Honey making high atop downtown Minneapolis?

Share this:
April 3, 2013
By: Nick Halter
SUBMITTED PHOTO/Beez Kneez
Nick Halter
There are 28 permitted beehives in the city right now, but zoning rules make it difficult for commercial buildings to put hives atop their buildings

An ordinance change is moving forward to the Minneapolis City Council that would clear the way for beehives to be placed atop commercial buildings, a change that advocates say will result in more local honey and more pollination.

Beekeeping is already legal in Minneapolis with a city-issued permit. There are 28 permitted beehives in the city right now, mostly at parks, schools and community gardens.

However, zoning rules make it difficult for commercial buildings to put hives atop their buildings, because they need consent from 80 percent of neighbors within 100 feet. The current proposal would do away with the consent requirement if a rooftop beehive is at least 15 feet from another building.

Kristy Allen and Erin Rupp, founders of Beez Kneez and holders of six beehive permits across the city, say that opening up rooftops to hives will provide homes for more bees and subsequently result in more honey and pollination.

“Bees are a free pollination service,” Rupp said. “For (many years) they have been providing us with fruits and vegetables. They are a very important part of our food system. They’re kind of like the canary in the coal mine.”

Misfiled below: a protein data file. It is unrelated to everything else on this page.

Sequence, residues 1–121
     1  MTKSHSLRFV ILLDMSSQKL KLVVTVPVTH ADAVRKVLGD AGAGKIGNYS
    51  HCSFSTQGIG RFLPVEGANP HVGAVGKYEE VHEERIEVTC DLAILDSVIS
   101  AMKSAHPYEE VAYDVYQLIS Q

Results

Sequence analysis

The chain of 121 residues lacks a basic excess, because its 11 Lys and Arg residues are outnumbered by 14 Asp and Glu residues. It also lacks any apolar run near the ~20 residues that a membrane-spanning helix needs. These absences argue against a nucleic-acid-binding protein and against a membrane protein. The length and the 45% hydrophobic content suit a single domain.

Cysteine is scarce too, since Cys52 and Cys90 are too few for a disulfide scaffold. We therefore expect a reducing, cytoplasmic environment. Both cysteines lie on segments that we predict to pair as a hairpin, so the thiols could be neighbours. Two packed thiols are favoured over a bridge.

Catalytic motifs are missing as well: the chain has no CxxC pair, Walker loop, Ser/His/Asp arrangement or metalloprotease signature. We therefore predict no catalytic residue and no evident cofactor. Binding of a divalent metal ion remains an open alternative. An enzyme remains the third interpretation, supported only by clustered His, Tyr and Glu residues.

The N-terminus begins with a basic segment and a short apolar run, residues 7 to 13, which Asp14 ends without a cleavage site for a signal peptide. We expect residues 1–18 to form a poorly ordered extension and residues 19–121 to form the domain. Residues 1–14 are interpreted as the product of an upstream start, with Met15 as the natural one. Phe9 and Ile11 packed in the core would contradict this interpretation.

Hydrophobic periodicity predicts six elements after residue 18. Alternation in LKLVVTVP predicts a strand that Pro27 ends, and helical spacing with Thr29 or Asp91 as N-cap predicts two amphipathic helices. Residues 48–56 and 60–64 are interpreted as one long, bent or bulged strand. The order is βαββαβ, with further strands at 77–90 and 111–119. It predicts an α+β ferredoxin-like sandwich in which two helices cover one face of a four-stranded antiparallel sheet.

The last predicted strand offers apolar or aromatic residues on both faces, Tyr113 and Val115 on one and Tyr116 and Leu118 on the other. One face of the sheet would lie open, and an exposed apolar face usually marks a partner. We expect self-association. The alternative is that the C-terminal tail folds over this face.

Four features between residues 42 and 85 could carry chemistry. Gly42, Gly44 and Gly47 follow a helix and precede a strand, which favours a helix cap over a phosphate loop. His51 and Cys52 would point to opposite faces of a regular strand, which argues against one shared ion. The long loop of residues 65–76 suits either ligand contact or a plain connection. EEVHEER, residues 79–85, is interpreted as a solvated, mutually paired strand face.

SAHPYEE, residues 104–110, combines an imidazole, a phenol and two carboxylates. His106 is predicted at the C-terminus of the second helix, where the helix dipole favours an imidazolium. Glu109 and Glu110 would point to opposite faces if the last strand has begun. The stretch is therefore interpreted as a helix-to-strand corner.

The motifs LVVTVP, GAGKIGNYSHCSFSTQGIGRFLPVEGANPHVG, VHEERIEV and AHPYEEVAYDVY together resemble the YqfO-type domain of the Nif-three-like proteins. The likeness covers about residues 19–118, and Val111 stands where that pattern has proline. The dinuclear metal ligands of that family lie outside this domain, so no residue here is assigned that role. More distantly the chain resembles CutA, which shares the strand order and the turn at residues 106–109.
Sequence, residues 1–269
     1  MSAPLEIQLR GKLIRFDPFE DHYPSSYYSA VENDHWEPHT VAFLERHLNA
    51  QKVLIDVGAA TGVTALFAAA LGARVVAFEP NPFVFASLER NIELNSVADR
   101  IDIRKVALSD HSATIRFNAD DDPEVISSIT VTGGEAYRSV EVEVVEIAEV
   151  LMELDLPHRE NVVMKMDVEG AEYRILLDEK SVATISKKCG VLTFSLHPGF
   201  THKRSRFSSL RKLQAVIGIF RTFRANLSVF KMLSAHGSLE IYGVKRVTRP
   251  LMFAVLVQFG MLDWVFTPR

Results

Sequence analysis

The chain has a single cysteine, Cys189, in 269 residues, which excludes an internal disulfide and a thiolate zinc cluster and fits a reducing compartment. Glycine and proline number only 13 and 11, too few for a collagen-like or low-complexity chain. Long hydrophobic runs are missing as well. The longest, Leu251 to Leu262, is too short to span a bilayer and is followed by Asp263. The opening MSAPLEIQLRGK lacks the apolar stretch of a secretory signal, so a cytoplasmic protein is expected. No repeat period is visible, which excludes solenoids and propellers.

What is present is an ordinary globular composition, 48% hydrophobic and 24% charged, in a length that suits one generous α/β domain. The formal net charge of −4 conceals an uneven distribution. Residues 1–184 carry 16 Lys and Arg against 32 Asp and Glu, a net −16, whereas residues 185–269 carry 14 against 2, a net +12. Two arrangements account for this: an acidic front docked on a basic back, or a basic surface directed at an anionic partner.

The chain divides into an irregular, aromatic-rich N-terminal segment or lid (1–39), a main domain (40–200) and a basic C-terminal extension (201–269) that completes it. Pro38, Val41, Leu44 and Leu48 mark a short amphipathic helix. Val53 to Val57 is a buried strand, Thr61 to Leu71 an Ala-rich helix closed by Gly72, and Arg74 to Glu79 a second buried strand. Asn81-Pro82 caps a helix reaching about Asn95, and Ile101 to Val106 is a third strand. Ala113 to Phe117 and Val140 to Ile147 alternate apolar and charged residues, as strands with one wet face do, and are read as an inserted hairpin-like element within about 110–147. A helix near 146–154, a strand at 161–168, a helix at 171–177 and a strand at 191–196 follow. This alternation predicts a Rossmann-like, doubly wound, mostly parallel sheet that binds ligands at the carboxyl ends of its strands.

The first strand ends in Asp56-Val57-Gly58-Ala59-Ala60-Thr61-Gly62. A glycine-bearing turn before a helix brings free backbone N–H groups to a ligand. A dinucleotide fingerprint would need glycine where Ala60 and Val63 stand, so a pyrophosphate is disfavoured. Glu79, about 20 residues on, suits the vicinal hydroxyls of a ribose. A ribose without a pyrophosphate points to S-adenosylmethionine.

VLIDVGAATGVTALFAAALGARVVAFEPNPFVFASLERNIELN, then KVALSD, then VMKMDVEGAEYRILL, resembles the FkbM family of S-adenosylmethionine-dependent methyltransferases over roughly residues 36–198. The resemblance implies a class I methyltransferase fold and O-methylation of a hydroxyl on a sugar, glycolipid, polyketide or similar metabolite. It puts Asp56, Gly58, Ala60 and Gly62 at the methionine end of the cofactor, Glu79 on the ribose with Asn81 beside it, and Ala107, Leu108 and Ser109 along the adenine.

The idea for rooftop hives came from within City Hall, when city Sustainability Director Gayle Prest and Council Member Lisa Goodman (Ward 7) wanted to put hives atop City Hall. They found out that they would need to get approval from all the tenants in the Grain Exchange building, plus the federal government because the U.S. District Court is across the street.

Allen and Rupp says honeybees pollinate in a three-mile radius, which would include the northern half of the Chain of Lakes. They said honeybees are not aggressive and only sting when someone comes into contact with their hive. 

“Honeybees sting to protect their colony, and they die when they sting,” Rupp said. “The animals that do attack are the ones that sting for food —  like wasps — that are carnivores that are stinging to eat.”

A city committee today passed the ordinance amendment unanimously. It should be up for full City Council approval soon.